Aerial application, commonly called crop dusting, involves spraying crops with fertilizers, pesticides, and fungicides from an agricultural aircraft. The specific spreading of fertilizer is also known as aerial topdressing.
Agricultural aircraft are often purpose-built, though many have been converted from existing airframes. Helicopters are sometimes used, and some aircraft serve double duty as water bombers in areas prone to wildfires.
Aerial Seed Sowing 1906
The first known aerial application of agricultural materials was by John Chaytor, who in 1906 spread seed over a swamped valley floor in Wairoa
, New Zealand
, using a hot air balloon
with mobile tethers. Aerial sowing of seed has continued on a small scale.
Crop dusting 1921
The first known use of a heavier-than-air machine occurred on 3 August 1921 when as the result of advocacy by Dr B.R. Coad, a United States Army Air Service Curtiss JN4 Jenny piloted by John MacReady was used to spread lead arsenate to kill catalpa sphinx caterpillars near Troy, Ohio in the United States. The first commercial operations were attempted in 1924, by Continental Dusters which subsequently became part of Delta Air Lines. Use of insecticide and fungicide for crop dusting slowly spread in the Americas and to a lesser extent other nations in the 1930s and 1940s.
Top dressing 1939-1946
, the spread of fertilisers such as superphosphate
, was developed in New Zealand
in the 1940s by members of the Ministry of Public Works and RNZAF
, led by Alan Pritchard
and Doug Campbell - unofficial experiments by individuals within the government led to funded research. Initially fertilizer and seed were dropped together (1939), using a window mounted chute on a Miles Whitney Straight
, but by the end of the 1940s different mixtures of fertilizer were being distributed from hoppers installed in war surplus Grumman Avengers
and C-47 Dakotas
, as well as some privately operated de Havilland Tiger Moths
in New Zealand, and the practise was being adopted experimentally in Australia
and the United Kingdom
Crop dusting poisons enjoyed a boom after World War II
until the environmental impact of widespread use became clear, particularly after the publishing of Rachel Carson
's Silent Spring
Water bombing 1952
, or water bombing, was tested experimentally by Art Seller's Skyways air services in Canada
in 1952 (dropping a mix of water, fertilizer and seed), and established in California
in the mid 1950s.
Night aerial application 1973-present
Crop dusting at night is mostly liquid spray and is conducted in the Southwest US deserts
. The rising cost of pesticides and increasing immunity built up by continuous spraying reduced the effectiveness of spraying in daytime. In high temperature areas, the insects would travel down in plants in daytime and return to the top at night. The aircraft (both fixed wing and helicopter) were equipped with lights, usually three sets: work lights were high power and aimed or adjustable from the cockpit; wire lights were angled down for taxi and wire or obstruction illumination; and turn lights which only were turned on in the direction of the turn to allow safe operation on moonless nights where angle of entry or exit needed to be illuminated. These aircraft were equipped with pumps, booms, and nozzles for spray application. Some aircraft were equipped with an elongated metal wing called a spreader, with channels built in to direct the flow of dust such as sulplhur, used on melons as a pesticide and soil amendment. Very little pesticide dust was used day or night in comparison to spray because of the difficulty in drift control. Workers on the ground called "flaggers" would use flashlights aimed at the aircraft to mark the swaths on the ground, later GPS units replaced the flaggers because of new laws regarding using human flaggers on some pesticides.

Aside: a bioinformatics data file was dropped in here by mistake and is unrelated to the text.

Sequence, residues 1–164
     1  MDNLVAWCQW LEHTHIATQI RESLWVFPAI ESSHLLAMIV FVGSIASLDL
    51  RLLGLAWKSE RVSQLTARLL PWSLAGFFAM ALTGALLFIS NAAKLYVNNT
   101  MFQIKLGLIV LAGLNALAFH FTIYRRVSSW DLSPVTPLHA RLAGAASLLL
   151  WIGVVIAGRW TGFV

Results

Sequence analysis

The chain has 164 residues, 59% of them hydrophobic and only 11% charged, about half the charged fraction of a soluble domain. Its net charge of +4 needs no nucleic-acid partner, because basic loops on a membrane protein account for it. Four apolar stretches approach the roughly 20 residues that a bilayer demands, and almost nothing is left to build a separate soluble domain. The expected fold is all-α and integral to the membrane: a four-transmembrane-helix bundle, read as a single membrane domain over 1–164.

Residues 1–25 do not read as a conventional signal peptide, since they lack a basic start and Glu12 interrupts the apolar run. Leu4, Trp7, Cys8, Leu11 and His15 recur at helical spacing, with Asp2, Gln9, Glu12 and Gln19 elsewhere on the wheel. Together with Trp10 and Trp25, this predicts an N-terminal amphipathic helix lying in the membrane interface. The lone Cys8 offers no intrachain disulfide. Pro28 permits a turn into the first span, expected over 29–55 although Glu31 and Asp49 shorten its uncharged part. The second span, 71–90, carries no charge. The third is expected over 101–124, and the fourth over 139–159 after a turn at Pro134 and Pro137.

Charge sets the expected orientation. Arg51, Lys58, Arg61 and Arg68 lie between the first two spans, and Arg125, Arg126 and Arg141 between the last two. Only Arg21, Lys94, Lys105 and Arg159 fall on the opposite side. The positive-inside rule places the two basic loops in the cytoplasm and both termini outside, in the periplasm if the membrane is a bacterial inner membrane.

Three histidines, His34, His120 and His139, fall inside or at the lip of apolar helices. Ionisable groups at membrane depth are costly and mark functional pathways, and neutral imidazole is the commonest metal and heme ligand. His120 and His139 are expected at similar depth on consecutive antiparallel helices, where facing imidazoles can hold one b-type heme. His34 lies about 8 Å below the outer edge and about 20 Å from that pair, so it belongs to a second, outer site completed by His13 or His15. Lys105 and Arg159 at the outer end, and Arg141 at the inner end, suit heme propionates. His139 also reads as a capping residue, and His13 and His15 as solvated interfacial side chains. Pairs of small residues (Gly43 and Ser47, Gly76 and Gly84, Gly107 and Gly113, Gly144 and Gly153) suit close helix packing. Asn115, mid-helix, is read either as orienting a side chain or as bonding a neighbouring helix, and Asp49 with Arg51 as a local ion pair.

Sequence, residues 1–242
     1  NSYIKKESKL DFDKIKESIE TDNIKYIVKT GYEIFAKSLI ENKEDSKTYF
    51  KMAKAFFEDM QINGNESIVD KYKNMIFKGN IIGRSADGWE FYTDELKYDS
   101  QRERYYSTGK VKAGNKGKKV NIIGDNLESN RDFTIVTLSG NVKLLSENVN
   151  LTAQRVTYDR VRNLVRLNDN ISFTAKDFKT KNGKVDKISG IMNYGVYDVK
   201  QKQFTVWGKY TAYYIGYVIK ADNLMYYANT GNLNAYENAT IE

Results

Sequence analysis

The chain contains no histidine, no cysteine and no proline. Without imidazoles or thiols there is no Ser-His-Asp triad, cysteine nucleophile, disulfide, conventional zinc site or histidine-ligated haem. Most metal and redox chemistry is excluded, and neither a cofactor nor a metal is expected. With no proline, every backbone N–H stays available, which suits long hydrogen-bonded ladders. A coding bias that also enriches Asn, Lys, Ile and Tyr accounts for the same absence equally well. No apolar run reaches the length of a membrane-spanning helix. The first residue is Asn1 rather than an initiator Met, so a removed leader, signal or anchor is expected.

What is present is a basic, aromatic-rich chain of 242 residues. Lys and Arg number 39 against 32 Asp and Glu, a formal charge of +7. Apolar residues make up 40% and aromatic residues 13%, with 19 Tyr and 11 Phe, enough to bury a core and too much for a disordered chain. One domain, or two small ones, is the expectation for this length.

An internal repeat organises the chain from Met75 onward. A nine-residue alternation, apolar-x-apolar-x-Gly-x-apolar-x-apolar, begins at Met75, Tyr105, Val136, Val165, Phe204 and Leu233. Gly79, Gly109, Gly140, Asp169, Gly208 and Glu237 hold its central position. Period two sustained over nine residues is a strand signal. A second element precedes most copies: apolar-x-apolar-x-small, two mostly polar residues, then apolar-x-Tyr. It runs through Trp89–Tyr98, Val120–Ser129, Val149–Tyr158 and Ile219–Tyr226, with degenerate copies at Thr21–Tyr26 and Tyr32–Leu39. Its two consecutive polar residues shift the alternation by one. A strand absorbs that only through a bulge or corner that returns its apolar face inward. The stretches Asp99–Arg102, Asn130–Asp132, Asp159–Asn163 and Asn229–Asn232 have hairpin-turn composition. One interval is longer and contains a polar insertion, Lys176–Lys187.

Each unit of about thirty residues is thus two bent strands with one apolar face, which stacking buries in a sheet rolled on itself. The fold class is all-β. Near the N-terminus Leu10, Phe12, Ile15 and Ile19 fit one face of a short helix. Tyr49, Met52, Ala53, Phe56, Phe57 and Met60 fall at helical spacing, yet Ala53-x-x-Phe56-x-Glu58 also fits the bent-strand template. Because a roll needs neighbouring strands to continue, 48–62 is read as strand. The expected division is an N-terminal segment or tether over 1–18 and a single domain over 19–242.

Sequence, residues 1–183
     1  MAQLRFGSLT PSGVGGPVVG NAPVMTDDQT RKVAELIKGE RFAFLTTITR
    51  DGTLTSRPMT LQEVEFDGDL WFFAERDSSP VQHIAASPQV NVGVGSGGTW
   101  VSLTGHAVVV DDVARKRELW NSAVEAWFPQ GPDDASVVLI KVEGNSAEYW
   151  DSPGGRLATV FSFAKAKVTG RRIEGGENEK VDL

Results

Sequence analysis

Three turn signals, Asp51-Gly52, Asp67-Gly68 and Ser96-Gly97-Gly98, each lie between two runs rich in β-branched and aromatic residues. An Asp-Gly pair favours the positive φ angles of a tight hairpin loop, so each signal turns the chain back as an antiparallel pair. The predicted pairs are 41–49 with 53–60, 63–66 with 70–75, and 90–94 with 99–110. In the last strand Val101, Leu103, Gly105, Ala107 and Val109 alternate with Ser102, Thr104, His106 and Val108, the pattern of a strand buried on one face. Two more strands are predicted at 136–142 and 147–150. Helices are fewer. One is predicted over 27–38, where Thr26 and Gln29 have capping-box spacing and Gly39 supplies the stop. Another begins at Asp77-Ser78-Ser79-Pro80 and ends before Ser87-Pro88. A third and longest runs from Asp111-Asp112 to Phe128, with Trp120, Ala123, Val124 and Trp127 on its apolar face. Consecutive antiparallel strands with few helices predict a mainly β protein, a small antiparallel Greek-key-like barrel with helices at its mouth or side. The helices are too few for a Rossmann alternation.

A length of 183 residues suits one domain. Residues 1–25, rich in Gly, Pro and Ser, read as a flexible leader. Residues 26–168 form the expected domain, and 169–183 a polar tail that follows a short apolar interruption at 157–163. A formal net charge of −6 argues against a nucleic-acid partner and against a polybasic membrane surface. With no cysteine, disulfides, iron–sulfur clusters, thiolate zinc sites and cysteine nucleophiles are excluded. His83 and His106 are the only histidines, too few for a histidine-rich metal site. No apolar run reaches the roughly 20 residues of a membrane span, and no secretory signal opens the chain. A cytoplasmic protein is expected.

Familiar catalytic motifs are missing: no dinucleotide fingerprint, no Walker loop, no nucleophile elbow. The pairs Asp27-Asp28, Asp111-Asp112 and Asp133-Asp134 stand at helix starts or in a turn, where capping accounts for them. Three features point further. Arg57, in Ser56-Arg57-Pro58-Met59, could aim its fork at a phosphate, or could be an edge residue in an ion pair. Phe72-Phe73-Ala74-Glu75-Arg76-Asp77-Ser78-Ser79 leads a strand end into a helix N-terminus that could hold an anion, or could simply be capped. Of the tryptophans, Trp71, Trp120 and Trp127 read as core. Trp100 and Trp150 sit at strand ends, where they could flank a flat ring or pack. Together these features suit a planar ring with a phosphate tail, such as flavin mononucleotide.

According to the US Bureau of Labor Statistics
, in 2005 US cropduster pilots earned an average annual wage of $63,210.
Environmental & Human Rights Issues
As with pesticide application in general, crop dusting is associated with a number of environmental concerns, including spray drift, soil contamination, water pollution, and occupational disease, often in the form of increased risk of cancer to those involved. Another concern is that the aerial application of pesticides can lead to adaptation by insects, and is thus not a sustainable practice even aside from environmental and health issues. In the U.S. in 1970, lawsuits and court cases involving spraying of pesticides, especially aerial application in commercial agriculture were a growing area in law, combining areas such as negligence, products liability, strict liability, statutory regulation and commercial law. Environmental and human rights issues associated with crop dusting is greatest in developing countries, where government oversight is weaker or absent, few safety practices are used, and chemicals are used that are banned in most developed countries.
A study found that most of the crops grown in Texas were treated with chemicals that show evidence of possible carcinogenicity, and pointed to aerial application of pesticides as a potential cause of cancer in children. Crop dusting involving Arsenic powders has been implicated in Bowen's disease. A study found that aviation mechanics in Nicaragua who work on planes used in the aerial application of pesticides are at high risk for poisoning due to contamination on parts of the aircraft. Also in Nicaragua, water runoff from a crop-dusting airport has been linked to contamination of the supply of drinking water, leading to levels of toxaphene far exceeding the limit the EPA set in the U.S.